Following one of the closer opening races of recent years, the circus is moving straight on to Sepang in Malaysia, where the hot climate can stress new engines that are on their second race weekend.
The Sepang circuit is modern and challenging in almost every respect. A combination of long, fast corners is interspersed with long straights and slow corners; varying cambers and a wide track offer choice of line, whilst hot temperatures stress engines and drivers.
Sepang offers several overtaking opportunities, reducing the importance of grid position compared to getting race strategy right. That said, the lessons from qualifying in Bahrain should be clear, and some differences ought to be in the offing. For example, teams that expect to comfortably make the top ten will head out earlier in the knockout sessions, as the couple of tenths they may make from a little more rubber on the track is meaningless in the grand scheme of things.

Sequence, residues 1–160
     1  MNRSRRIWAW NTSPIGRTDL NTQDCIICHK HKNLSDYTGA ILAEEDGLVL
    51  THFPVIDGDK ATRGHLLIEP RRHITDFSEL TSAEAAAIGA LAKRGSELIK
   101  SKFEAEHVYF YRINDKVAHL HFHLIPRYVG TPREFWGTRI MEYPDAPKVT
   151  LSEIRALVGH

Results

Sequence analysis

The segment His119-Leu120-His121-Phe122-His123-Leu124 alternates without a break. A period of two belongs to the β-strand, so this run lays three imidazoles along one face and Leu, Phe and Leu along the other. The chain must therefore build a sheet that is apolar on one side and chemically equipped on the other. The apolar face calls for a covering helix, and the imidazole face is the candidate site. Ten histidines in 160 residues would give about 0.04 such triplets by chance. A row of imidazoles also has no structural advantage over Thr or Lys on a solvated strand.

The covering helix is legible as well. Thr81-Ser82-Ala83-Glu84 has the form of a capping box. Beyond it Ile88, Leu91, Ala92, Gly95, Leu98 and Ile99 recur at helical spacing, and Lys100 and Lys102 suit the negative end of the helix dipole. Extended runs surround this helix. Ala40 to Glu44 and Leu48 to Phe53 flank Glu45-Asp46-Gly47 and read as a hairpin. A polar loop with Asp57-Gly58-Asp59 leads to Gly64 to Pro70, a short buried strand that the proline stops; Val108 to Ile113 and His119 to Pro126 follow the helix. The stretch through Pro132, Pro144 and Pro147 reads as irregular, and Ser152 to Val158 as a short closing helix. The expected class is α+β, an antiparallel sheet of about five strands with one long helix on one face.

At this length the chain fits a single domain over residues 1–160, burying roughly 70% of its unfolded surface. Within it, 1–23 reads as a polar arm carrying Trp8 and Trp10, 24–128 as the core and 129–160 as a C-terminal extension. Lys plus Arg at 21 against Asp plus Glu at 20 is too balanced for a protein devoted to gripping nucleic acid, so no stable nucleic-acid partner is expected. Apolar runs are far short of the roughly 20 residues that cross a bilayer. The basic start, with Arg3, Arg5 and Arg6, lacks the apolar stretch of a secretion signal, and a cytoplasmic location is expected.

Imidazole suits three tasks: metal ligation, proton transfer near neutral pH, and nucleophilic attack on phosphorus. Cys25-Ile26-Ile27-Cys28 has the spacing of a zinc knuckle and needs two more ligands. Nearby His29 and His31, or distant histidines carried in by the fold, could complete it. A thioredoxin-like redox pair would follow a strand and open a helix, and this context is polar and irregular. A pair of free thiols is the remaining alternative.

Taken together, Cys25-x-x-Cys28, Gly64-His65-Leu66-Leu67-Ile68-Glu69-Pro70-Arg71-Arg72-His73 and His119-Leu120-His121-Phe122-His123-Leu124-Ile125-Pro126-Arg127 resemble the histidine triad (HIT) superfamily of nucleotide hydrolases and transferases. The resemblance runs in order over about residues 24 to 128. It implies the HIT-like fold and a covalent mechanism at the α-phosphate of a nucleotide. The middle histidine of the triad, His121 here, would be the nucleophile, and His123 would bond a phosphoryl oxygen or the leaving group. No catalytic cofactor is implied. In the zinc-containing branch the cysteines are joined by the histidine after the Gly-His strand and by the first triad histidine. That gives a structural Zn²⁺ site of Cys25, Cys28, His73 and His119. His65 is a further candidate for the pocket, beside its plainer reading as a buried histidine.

After feeling the pinch of the 110% rule, Ferrari rued their lost allocation of a lap of fuel that possibly cost the race, so expect teams that are marginal on their top up requirements to be aggressive in dealing with traffic, even on their in and out laps.